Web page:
Can’t wait to see the tools we have waiting for us for the 2010/2011 ski season!
Thanks to TheNickster, wfyurasko, and debcha for the photos and thanks to Joel and Jon for taking the time to talk snow!

Recap: Looking through the future at South By Southwest #sxsw #sxswi

22 03 2010

I was a sxsw virgin and so, have contributed to the inflation of SxSWi over last year (over 40% attendance increase over sxsw 2009). I have to say that more than once it did feel chaotic and quite elitist, nevertheless, I had a great learning experience. Here’s a rundown of all I saw, heard and thought over the  5 days I was there. I hope your enjoy my recap:

1. The battle over location and its convergence with augmented reality: These phenomena could be put in separate buckets but both trends are trying to bring more contextual information to individuals, especially when it comes to location. We poor humans are quite bound by our 5 senses and all these new developments aim at giving us more context, and better information. Location matters when I need advice. Brightkite (whoo-oo Colorado/Techstars) was definitely the early riser in location based tweets and seems to have forgotten about the social-ego centricity of many social apps. Foursquare which certainly was earlier to market, is clearly overshadowing Gowalla despite the industry trying to hype the location-war. These apps might be catering to much ego based activity, but I feel we’re just scratching the surface of what’s to come. Location based apps will tip in the next 12 months…just be prepared. On the augmented reality side, some quite impressive tech is starting to appear, like the GM windshield and others like Webcam Social Shopper,  and the Cannonballz Augmented Reality Game –  reality apps are now crossing into our daily lives and provide more information to users.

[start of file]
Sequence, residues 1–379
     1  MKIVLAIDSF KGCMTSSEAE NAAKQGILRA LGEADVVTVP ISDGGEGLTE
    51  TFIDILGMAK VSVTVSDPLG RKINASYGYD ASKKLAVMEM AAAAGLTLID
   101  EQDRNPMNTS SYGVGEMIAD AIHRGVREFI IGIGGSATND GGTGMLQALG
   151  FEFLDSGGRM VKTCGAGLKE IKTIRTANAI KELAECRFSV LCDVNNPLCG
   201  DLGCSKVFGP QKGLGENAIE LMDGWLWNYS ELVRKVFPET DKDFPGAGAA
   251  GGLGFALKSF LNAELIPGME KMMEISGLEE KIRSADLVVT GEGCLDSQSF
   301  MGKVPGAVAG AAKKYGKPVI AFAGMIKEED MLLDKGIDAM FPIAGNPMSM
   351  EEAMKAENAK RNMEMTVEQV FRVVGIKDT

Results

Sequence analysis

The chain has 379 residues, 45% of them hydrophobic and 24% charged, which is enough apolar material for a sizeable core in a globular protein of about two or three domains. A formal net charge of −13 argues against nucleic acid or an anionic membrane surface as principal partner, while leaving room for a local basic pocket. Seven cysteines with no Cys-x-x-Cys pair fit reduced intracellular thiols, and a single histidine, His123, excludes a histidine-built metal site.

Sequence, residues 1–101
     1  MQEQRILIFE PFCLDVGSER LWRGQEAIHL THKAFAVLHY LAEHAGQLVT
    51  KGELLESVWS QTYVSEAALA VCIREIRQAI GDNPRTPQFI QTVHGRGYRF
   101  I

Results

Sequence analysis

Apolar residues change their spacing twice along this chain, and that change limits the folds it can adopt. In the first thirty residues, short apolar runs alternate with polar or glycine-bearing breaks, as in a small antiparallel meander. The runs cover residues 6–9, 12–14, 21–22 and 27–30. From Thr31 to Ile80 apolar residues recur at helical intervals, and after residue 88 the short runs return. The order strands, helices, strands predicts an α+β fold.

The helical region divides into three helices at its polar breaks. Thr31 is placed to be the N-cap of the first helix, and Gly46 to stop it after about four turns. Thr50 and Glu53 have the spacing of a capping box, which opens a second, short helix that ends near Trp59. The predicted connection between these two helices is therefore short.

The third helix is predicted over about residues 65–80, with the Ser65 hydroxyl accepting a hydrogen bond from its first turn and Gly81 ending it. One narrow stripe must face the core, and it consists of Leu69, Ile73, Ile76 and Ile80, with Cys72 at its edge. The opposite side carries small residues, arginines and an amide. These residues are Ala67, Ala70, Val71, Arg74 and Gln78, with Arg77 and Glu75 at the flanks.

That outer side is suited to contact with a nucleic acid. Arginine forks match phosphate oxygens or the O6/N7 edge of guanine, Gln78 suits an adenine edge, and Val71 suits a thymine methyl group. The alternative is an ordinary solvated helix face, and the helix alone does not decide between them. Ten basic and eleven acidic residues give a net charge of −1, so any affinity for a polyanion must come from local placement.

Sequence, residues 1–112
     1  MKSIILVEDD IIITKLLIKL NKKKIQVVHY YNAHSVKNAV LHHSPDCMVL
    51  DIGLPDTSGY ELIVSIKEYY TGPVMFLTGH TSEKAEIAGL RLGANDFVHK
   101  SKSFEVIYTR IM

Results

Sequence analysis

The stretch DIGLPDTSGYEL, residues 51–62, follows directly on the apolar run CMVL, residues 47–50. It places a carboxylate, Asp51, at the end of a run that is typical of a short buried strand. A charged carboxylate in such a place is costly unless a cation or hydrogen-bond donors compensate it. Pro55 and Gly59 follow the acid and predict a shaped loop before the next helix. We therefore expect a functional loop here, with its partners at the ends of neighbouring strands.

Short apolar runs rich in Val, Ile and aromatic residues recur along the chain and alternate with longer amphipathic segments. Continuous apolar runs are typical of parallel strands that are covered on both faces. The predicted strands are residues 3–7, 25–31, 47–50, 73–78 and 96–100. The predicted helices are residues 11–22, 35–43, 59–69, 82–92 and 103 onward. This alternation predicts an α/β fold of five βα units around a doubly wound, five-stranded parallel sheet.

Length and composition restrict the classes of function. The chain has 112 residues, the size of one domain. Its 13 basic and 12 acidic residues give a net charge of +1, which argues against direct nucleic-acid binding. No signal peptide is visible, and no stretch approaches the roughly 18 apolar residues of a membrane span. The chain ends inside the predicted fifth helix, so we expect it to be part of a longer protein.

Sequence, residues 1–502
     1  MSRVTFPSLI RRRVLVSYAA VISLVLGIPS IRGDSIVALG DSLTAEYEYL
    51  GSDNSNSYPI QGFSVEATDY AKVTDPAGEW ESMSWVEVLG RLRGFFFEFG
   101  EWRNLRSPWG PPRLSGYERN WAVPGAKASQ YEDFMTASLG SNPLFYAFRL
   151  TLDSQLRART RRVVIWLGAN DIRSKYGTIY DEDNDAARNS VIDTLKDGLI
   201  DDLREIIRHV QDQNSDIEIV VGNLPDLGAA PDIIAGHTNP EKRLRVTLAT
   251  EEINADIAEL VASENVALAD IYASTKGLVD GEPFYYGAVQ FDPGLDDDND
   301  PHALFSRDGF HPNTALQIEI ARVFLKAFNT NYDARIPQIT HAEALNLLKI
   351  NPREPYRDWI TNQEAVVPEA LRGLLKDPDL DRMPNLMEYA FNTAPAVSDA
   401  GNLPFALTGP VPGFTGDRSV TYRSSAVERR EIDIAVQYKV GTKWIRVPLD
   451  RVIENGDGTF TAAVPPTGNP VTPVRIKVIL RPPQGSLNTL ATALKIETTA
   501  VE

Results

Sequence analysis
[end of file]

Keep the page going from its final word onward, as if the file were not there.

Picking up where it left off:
The future, the opportunity: Make the computer work to finally bring users a 6th sense. Make ‘check-ins’ become experiential check-ins, not just location. Augmented reality may feel like a lack of privacy but on-grid people see it as providing more value to their lives.

2. The ever becoming dream of crowdsourcing: @Jeffrey and @scottbelsky led an interesting panel on the subject. In June 2006, Jeff Howe coined the term “crowdsourcing” to express how a task performed by an employee could be performed by a large group outside. Back in ’07 at The Enthusiast Group, we launched “Grassroots Channels” for sports events which was a form of crowd based journalism, giving free entries to event participants was such a powerful way to activate thecitizen journalist’. The tools at the time were quite rudimentary (i.e. blogging) but we were getting good traction. Today’s tools are a lot more adequate and fill good niches as social computing has gone mainstream. Good examples are , or the beta (started by an ex-Facebook crew).
Base rules for crowdsourcing projects include: Activate crowds around a common purpose, based around an event. It has a beginning and an end. Incentives should be beyond the transaction and foster discussions. Most projects will achieve something larger than the sum of their parts.

The future/opportunity: As social tools have gone mainstream, there is a larger opportunity to get the crowd to perform better tasks than machines or dedicated staff. Wikipedia might be its best example. Social Search was also big at SXSW as it provides the hope for better contextual search. Facebook is becoming the largest threat to Google when it comes to Social Graph answers.

3. Globalizing the Social & its challenges: Being French and having lived in the US, NZ & Belgium before that, I was quite excited about this session. The US market is always able to seed and scale up its platforms because of its size. Other countries and especially European ones may have lots of startups and great internet dynamism, but it’s still hard to scale up because of the cultural/language factors. For example, I was struck when I met with an employee of (Sebastien Adgnot) who I knew of (the largest video platform from Europe), but which has been eclipsed by YouTube and other US based video platforms.